For more information of on installing decking boards have a look at our “Installing Decking Boards” guide which is available from the Resource Shop.

Water leaking in behind the gutters and facia?

water leakWater leaking in behind the facia of your roof could be caused by a couple of things:

1) your roof sheets have a hole in them or your screws or nails (or equivalent) are not watertight anymore, or
2) the more common reason is where roof sheets are cut too short or they don’t overhang far enough into the gutter.

What happens in this case is that water has this capillary action which means the water travels back up the underside of the sheet just a small amount. Now when you add wind, the wind blows this water further up the underside of the sheet and if there’s not enough overhang into the gutter, the water will actually find its way over the back of the fascia and inside your ceiling or somewhere else it’s not meant to be.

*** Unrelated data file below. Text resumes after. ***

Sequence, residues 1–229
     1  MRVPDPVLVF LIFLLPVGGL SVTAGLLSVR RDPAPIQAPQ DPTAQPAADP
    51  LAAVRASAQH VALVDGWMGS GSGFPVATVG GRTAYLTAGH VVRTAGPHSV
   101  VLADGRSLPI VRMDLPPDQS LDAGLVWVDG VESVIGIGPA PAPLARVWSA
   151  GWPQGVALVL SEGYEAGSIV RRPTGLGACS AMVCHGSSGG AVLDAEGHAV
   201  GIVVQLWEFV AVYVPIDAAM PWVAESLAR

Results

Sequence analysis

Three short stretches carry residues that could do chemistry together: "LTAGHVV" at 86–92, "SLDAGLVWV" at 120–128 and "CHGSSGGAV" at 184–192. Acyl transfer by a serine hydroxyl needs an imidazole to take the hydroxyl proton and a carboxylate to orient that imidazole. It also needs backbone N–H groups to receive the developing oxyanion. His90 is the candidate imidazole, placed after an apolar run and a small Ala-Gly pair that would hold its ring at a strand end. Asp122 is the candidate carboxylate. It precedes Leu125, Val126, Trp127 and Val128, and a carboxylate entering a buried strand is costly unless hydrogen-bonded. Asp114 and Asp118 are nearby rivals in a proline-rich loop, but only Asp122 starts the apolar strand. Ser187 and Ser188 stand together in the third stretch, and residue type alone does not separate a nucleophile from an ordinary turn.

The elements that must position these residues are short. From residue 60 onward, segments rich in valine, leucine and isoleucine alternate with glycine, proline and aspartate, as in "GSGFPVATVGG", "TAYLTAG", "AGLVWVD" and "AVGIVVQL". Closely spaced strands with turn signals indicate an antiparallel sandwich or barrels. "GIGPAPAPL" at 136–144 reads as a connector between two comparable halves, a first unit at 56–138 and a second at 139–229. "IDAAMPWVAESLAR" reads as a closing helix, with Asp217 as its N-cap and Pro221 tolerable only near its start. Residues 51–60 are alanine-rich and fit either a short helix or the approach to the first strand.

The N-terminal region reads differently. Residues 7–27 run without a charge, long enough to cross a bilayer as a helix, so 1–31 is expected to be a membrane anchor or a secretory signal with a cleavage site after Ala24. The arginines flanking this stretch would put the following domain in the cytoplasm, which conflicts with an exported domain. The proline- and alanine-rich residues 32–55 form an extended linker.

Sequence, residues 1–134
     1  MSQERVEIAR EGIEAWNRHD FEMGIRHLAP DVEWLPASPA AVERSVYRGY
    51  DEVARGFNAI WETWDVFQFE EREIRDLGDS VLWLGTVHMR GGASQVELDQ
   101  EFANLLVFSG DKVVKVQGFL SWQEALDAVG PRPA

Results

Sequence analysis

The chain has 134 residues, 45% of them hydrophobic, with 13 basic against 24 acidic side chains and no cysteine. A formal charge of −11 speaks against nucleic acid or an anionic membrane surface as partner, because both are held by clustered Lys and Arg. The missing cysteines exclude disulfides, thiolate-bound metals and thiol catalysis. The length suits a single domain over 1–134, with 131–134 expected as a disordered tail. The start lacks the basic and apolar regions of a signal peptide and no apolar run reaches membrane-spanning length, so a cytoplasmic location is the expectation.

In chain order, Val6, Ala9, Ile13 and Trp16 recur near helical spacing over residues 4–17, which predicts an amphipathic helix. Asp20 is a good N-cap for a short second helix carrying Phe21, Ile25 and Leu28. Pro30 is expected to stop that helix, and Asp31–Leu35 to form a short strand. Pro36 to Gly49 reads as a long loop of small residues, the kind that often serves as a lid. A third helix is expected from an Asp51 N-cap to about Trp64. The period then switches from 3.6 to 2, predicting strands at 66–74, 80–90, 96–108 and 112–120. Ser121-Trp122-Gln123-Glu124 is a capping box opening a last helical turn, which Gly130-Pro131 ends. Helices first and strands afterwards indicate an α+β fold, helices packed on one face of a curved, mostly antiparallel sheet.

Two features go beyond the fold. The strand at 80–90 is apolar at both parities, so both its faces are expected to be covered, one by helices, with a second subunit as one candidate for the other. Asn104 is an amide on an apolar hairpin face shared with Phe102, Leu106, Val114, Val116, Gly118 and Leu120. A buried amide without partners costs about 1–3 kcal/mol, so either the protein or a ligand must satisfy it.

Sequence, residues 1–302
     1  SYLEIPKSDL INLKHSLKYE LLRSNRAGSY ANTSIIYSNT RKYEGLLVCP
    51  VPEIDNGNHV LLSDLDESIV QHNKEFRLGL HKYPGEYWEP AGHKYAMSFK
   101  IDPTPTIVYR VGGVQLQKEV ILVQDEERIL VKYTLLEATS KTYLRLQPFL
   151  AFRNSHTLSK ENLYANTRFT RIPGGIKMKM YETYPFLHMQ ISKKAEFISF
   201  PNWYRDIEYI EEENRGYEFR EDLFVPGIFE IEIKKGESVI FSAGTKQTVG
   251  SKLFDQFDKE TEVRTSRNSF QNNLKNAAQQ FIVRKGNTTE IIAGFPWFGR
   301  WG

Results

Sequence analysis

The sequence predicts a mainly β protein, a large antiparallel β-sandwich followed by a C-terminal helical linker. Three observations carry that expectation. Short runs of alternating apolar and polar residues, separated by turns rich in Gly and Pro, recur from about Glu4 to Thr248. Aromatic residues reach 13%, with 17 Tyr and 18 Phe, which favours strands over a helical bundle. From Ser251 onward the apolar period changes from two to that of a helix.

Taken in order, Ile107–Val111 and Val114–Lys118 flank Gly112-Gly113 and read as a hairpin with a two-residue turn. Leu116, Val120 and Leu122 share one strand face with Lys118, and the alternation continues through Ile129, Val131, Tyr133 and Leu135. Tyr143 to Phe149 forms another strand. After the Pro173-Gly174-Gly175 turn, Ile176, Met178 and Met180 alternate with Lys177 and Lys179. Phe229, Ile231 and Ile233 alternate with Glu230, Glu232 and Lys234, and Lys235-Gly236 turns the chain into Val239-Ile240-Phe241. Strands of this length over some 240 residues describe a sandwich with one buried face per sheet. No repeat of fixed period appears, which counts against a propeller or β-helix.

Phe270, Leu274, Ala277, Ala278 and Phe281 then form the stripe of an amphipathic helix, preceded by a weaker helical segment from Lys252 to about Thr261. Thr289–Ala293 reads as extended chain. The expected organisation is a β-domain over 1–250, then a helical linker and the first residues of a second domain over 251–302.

This problem can be overcome by having your sheets hanging a minimum of 50mm into the gutter. If you already have your roof sheets installed you need to do one of two things:

1) replace your roof sheets with new ones, or

2) assuming that you have at least a 20mm overhang into your gutter, grab a pair of pliers or multigrips and bend down the valley of your roof sheets into the gutter.

Now this may help reduce the amount of capillary action and also reduce the effect the wind has when blowing the water back up the underside of the roof sheets. It may not work; it may work; but it’s definitely worth a shot.

For further reading, check out our other “Articles”.

What is a gum vein, and how does this affect your decking boards?